Sunday, June 22, 2008

D-228: The Terp

The Terp

A “Terp” is an interpreter; for obvious reasons, a lot of interpreters are necessary for our mission to win the “Hearts and Minds” of the Iraqi people. I don’t know a whole lot about the selection or recruitment process of Terps; some are American Military, some are American Civilians, Foreign Born American Citizens, or Third Country Nationals, but most are Iraqi.

This morning at breakfast, after I was finished eating and was up at the coffee counter preparing my coffee to go, someone grabbed my arm from behind, startling me and causing me to spill 4000⁰F coffee on my hand. It was a Terp who I’d never seen before; she was clearly a local national, about 40 years old (but who the hell can tell, she might be 25), skinny, and had a wild look in her eyes that you would expect to see if a person either met their childhood hero for the first time, or identified a person that they would like to kill. My gut was telling me it was the latter, but before I had the chance to throw scalding coffee at her and run away, she started talking.

“HELLO!” she shouted in a single short, loud burst as if it were her last breath. In fact, this is how everything she would say sounded; I will resist the urge to punctuate each individual word with an exclamation mark. She spoke and mannered in such a way, that if I were in Norfolk I would have positively identified her as a crack smoker without a seed of doubt in my mind. However, I am not certain that they have crack in Iraq, and even so, it would be a pretty ballsy move for a Terp to bring illicit drugs on to the FOB, so I am going to guess that perhaps spending the last five years in a war torn city has played havoc on her nerves, but I am not a doctor, and I still have not ruled out using weaponized coffee to facilitate egress.

“Um, Hi”

“WHAT IS YOUR NAME?!!!!!!”

“The Augmentee…” I am stammering like a moron, because I am so confused. It’s not even 8:00AM and a Terp who I’ve never seen before is literally screaming in my ear. This is bizarre behavior, even for an Iraqi. Adding to my discomfort is that this Terp, like every other Iraqi, insists on standing about two centimeters away from my face when she is talking to me. The Iraqi failure to understand the American concept of personal space warrants a post all of its own, and was the topic of a conversation I had with my brother last week. Perhaps I will write about it in the future, if I feel it has enough substance, but for now let’s keep the focus on this skinny Iraqi crack-head who is standing well inside the borders of my personal territorial bubble and screaming at the top of her lungs.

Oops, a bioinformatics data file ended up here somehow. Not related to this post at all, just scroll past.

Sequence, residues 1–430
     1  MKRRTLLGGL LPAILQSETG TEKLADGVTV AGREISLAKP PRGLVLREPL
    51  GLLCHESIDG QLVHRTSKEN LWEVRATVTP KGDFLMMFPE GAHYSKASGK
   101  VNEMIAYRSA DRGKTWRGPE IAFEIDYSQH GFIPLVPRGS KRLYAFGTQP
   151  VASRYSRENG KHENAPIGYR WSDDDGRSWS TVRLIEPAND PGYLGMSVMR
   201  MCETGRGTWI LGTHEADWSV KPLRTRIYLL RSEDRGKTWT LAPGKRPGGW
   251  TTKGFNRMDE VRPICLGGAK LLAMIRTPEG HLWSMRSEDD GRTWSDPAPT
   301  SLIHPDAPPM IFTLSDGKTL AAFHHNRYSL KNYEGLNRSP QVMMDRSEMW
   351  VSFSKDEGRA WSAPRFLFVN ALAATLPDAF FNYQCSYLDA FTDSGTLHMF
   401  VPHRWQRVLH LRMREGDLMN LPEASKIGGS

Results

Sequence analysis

“I, AM AMANDA!!!!!!” After each outburst, she gives one of those loud exhale laughs. She never blinks.

“Hi Amanda, it’s nice to meet you.” I am very uncomfortable.

“You are very HANDSOME!” At this point I am starting to pick up on the fact that she is making a very aggressive and clumsy pass at me, and hopefully not planning the details of my violent death; but I am not wholly convinced that it is not both.

“HAS ANYONE EVER TOLD YOU THAT?!!!!!!”

“Wait, what?”

“THAT YOU ARE VERY HANDSOME!!!!!!!!!!!!!!!!”

“Oh, thanks… thank you. Um, yes, my wife tells me that.” I very awkwardly hold up my left hand and thumb at my wedding ring, accompanied by an even more awkward, embarrassed half laugh. Under any other circumstance, I would hate myself for behaving like such a retard, but I was so confused and uncomfortable, and even now, with the horror well behind me, I can’t think of a way I could have done any better.

“GOOD!!!!!!!!!!!, YOU MUST SAY HELLO TO ME WHEN YOU SEE ME!!!!!!!!!!!!!!!!!!!!!!!!!!!!!!!!!!!!”

“um…ok.”

“PROMISE!!!!!!!!!!!!!!!” The word promise could not have sounded more threatening. Kathy Bates in Misery flashed in my head.

“I promise.”

“GOOD, BYE BYE” A wave of relief passed through me as she turned away. I put the lid on my coffee and quickly retreated back to HQ.

I am now recalling a time in seventh grade, when I laughed so hard that snot blew out of my nose and landed in a single large, jiggly mass on the table, directly in front of the girl who I had a crush on for the entire year. I can remember the face she made, as if to say; “you are the single most disgusting person in the world, and I am never going to make out with you.” She never did make out with me.

I have not thought about that moment for years, but now, fifteen years later, I can remember every detail of it as if it happened yesterday, and remember that girls horrified face as if I was looking right at her. That is because it has just been ousted as the single most socially awkward and embarrassing moment of my life. Screaming Amanda, with her shrill voice, and the look behind her wild eyes that suggested that she was wondering how long it would take for me to bleed out, made me feel more frightened, ill-at-ease, and awkward than any junior high school crush could ever manage.

Quote of the Day: Army Major to me on my plan to "test" some electrical gear on a BFV.

“Well, that’s all well and good, but I’m the one who gets my fucking starfish punched if a Bradley gets fucked up!”

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